I wrote my first novel when I was 19 and it was awful, but it taught me that I could start and finish a manuscript which, as any writer will tell you, is half the battle. Storytelling has always played such an important role in my life—stories helped me cope when things felt overwhelming, they provided an escape. When I sat down to write Cinderella is Dead in 2016, I wanted to tell a story that might provide an escape for someone else. 

Along the way the work of literary giants like Toni Morrison and Zora Neale Hurston have inspired me to tell stories in the way that I want to tell them and to be unapologetic in my work. I return to their stories any time I need a reminder of what we are allowed to be on the page.  

Besides being a writer, what are some small facts you would want your writers to know about you?

I’m a classically trained vocalist. I love musicals. I love Biscoff cookies and I really think they should sponsor me the way brands sponsor athletes. 

How would you describe your writing process? What do you wish you had known when you first started writing?

I wish I’d understood that there are a lot of non-writing things that count towards the development of a story. All the time I spend thinking about the story, the characters, the setting, the world building—it all counts! In fact, I now recognize it as an integral part of my process. I need time to sit with my ideas for a while before I get them on the page.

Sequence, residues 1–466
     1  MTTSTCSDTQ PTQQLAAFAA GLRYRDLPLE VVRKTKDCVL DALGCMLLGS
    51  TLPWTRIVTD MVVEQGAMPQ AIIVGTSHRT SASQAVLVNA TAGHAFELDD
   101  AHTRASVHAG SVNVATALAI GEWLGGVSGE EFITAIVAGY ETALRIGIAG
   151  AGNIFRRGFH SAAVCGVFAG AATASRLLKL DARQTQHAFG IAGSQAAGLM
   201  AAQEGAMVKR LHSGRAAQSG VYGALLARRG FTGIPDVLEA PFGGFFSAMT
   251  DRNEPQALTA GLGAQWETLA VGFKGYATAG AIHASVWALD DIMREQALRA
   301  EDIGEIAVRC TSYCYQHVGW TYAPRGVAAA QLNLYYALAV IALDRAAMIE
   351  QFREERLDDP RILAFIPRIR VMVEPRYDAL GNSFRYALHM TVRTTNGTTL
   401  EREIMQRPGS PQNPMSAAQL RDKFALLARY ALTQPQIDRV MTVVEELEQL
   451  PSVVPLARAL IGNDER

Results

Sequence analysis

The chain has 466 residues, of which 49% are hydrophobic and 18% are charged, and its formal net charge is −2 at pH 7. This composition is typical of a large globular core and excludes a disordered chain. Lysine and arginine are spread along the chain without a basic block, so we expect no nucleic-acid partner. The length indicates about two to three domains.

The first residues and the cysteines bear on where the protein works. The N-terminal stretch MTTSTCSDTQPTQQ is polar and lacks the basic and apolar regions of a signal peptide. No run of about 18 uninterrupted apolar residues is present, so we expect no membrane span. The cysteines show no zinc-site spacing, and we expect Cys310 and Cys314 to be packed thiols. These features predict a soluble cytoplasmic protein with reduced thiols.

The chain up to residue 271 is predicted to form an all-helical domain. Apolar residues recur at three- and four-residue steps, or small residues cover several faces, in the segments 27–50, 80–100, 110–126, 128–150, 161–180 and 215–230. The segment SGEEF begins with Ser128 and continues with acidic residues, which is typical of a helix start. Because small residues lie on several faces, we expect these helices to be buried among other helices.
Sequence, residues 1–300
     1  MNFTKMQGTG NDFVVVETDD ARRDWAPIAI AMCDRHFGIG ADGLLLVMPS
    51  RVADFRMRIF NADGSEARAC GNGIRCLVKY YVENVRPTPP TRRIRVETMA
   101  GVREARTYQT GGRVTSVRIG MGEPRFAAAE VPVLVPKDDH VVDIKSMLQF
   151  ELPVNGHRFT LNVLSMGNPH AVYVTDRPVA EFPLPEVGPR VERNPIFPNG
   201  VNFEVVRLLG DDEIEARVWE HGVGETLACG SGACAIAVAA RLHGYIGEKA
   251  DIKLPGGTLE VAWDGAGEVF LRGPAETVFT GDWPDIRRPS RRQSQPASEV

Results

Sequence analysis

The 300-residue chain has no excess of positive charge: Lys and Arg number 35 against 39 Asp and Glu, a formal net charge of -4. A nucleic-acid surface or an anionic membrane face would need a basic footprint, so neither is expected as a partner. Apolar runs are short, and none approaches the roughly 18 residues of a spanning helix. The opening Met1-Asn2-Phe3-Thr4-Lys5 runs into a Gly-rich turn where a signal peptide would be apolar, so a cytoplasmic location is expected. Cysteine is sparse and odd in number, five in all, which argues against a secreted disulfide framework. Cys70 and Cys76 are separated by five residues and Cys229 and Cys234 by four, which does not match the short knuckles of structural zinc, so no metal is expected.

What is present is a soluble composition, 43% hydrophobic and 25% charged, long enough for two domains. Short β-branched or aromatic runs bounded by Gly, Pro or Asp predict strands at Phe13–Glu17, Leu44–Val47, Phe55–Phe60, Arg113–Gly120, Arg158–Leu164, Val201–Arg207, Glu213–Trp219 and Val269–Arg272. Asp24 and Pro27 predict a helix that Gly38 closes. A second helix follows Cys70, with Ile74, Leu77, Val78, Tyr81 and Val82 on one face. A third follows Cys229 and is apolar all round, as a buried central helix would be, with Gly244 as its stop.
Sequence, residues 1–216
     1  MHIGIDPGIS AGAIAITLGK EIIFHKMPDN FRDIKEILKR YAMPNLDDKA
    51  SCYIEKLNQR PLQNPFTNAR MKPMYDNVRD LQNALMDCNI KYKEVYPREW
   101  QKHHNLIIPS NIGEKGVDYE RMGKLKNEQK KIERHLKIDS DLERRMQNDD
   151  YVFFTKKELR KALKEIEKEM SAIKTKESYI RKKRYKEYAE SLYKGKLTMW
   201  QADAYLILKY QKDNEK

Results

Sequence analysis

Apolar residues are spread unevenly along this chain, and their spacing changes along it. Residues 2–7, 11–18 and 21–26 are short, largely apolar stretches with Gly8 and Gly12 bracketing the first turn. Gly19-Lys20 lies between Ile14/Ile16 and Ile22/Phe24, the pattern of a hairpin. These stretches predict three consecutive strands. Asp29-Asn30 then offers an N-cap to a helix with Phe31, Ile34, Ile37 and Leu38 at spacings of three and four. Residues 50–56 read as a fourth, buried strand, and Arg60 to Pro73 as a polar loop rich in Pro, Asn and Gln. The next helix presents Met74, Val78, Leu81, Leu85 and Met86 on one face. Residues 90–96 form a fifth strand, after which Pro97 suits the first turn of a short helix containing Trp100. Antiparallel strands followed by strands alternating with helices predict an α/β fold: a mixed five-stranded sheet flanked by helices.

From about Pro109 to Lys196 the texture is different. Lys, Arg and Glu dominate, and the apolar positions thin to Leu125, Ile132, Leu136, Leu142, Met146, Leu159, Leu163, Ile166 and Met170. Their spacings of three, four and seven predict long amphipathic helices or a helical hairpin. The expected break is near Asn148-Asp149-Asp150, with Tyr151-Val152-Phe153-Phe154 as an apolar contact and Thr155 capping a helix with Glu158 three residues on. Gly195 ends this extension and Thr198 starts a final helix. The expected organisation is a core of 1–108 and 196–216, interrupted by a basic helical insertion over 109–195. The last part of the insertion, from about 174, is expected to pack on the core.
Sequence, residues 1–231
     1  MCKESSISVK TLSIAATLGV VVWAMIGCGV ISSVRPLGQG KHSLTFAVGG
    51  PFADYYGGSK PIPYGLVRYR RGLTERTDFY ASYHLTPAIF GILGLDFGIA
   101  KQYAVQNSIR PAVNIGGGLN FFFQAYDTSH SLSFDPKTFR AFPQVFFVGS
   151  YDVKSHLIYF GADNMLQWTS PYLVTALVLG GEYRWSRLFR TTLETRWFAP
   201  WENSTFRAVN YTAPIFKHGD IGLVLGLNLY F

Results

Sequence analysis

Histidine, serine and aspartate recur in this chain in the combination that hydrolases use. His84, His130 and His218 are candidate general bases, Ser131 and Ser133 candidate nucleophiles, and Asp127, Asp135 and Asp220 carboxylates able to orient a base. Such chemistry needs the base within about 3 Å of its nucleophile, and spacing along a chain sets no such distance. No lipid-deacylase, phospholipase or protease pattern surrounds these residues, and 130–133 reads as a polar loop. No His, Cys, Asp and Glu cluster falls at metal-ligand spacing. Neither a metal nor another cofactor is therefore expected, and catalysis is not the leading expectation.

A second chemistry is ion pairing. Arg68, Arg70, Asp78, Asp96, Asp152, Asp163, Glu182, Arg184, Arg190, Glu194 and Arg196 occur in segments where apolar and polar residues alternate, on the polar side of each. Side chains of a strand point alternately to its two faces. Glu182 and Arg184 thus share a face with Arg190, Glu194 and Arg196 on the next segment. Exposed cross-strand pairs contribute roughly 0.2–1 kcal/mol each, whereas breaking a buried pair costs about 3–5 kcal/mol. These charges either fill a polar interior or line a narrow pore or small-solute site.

For me it starts with an idea, or a collection of ideas. Once I have a good idea of the scope, I start a zero draft which is essentially just a few plot points in chronological order and some character work. As I’m doing this, I’m thinking about the story but it’s really just vibes at this point! No plot just vibes! Then, if I feel like a firm grasp on the story, I’ll work through a detailed synopsis and then a first draft. The synopsis acts as an outline for me and because things always change, I’ll write added scenes on index cards and lay them out and attach them to the outline. It’s usually not until I complete the first draft that I know my story and characters well enough to go back and really fill out the narrative. My process is always evolving and I’m always picking up new tricks and practices that work for me.

Your first book, Cinderella is Dead, is a Cinderella remix with some horror/dark fantasy elements. Why did you find yourself exploring/reconstructing this specific story and why do you think as writers and readers we keep getting drawn back to older fairytales when making new stories?